7PM tonight, March 11,2014
104 Walnut Street, Montclair , NJ
10% off your dinner
Also, tomorrow night, there will be an awareness raising healthy dinner served at B’nai Keshet Synagogue to show how healthy Soup Kitchens in Montclair are becoming! Be a a part of the fun and join us!
$18/single, $54 per any sized family
B’Nai Keshet Synagogue, 99 South Fullerton, Montclair, NJ
Hi everyone! I am so happy to tell you that our Parents Who Rock band, The No Rehearsals, will be performing at a benefit concert to raise funds for food this summer for the SHIP program (Summer Housing Internship program). The event details are :
The No Rehearsals
Tierney’s Tavern on Valley Road in Montclair
Friday, June 14th
Minimum donation $10.00
We will also be accepting donations of non-perishables and gift cards to local supermarkets at the event. Please join us or contact me to send a check: email@example.com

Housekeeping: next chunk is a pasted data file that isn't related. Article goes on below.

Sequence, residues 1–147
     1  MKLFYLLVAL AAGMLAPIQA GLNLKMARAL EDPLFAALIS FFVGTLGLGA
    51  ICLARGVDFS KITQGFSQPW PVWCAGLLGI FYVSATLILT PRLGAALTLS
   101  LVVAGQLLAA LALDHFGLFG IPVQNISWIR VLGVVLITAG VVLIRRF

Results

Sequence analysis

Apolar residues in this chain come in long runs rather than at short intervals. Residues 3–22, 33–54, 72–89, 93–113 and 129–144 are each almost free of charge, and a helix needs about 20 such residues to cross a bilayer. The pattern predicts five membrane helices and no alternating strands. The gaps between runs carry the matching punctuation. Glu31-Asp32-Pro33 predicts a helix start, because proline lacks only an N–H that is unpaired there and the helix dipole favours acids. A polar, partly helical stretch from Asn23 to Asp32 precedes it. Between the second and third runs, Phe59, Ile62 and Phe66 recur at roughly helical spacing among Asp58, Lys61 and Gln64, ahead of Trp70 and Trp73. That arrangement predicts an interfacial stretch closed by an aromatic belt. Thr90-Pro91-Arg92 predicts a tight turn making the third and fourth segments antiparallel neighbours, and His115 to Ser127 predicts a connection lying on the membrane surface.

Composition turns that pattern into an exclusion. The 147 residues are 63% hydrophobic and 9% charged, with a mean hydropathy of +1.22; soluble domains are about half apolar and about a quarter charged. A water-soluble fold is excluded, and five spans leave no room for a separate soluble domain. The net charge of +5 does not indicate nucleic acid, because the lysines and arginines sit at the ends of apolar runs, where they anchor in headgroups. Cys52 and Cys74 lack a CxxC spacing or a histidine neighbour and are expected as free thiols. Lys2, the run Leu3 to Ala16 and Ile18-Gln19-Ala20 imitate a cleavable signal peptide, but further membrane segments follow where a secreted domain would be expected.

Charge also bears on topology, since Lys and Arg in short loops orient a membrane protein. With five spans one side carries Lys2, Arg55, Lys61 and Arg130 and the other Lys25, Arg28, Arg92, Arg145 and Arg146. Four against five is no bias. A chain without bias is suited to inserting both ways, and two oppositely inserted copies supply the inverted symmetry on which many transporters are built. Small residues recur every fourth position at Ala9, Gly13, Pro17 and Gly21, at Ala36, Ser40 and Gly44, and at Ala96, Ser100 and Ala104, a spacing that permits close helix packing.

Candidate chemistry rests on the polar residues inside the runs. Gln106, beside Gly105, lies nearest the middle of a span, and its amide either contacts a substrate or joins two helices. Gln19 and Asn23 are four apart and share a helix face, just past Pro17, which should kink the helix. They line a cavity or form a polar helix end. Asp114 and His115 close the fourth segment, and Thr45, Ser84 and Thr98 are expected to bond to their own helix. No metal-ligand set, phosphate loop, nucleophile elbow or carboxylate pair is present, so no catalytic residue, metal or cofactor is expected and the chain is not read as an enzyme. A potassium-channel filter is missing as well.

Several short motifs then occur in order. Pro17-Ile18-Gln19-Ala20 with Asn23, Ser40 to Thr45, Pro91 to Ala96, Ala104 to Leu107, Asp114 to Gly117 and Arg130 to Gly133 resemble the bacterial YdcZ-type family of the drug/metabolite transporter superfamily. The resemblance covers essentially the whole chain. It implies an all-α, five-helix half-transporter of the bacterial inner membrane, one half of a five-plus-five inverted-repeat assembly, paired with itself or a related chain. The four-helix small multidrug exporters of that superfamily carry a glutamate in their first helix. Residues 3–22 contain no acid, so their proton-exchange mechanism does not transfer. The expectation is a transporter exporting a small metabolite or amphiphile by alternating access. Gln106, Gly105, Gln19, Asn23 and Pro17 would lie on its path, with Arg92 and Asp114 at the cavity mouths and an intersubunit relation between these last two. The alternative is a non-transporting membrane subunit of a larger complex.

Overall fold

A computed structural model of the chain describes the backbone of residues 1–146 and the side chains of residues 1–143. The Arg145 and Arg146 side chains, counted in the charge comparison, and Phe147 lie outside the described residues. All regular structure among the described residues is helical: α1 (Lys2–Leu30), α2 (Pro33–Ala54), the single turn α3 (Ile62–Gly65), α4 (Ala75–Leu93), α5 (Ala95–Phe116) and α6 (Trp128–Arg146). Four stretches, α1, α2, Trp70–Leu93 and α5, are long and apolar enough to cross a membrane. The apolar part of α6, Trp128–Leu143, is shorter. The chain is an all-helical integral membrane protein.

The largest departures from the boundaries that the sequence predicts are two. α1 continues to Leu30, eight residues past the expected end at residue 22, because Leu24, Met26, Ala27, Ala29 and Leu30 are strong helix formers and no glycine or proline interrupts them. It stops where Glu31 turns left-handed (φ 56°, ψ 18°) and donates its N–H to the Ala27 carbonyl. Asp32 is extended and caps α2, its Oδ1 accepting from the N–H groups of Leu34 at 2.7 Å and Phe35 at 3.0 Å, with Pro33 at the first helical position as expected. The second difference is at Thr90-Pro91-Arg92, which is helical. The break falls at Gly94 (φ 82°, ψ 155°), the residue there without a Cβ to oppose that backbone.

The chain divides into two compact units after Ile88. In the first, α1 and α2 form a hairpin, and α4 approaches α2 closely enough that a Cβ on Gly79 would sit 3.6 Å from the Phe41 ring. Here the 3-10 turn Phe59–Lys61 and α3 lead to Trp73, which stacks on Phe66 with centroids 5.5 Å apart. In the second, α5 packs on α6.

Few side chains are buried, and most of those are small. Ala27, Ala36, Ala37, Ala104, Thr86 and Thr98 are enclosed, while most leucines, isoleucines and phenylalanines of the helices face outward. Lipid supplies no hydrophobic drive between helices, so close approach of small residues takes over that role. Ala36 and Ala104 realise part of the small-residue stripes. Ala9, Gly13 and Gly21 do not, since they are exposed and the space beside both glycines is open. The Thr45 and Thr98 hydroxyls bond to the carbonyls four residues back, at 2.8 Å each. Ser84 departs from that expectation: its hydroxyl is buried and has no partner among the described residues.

I facilitated a cooking workshop with the SHIP students today and we made a number of delicious items, one of them simple salmon cakes from canned wild salmon. We discussed how easy, healthy and delicious certain recipes can be if you have a stocked pantry , freezer and fridge.
Here is another easy fish cake recipe that just may be the next dish we make. Enjoy!
P.S. Here is the Montclair Times article about our event:
Cod Cakes with Spicy Sauce:
1 1b steamed cod or any other flaky fish you like
1 large peeled, diced, steamed potato
1 tsp lemon pepper (or 3/4 tsp ground pepper with a half -whole lemon squeezed)
1 tsp salt
1/4 tsp garlic powder
2 TBS grated onion
1/3 cup panko bread crumbs
2/3 panko for breading
3 TBS olive oil, one TBS butter for frying, may need more
In a large bowl, combine all the ingredients except for the panko breadcrumbs and mash with a potato masher or fork
Stir in 1/3 of the breadcrumbs until combined
Form into patties, about 3″ wide
Place 2/3 cup breadcrumbs in a shallow bowl and dip each patty in and press down so that they are covered on both sides with the crumbs. Shake off excess
In a medium sized skillet, preferably ceramic non-stick, pour in enough of the olive oil and butter to cover pan , about a TBS of oil and a tsp of butter and heat until hot
Fry patties until browned on one side, flip and brown the other side.
Repeat , adding more oil and butter until all patties are crispy
Serve with sauce (recipe below)
Makes about 12 patties
one TBS mayo
1 1/2 TBS sour cream
18 tsp spicy smoked paprika
1/8 tsp garlic powder
Stir in a small bowl until combined and chill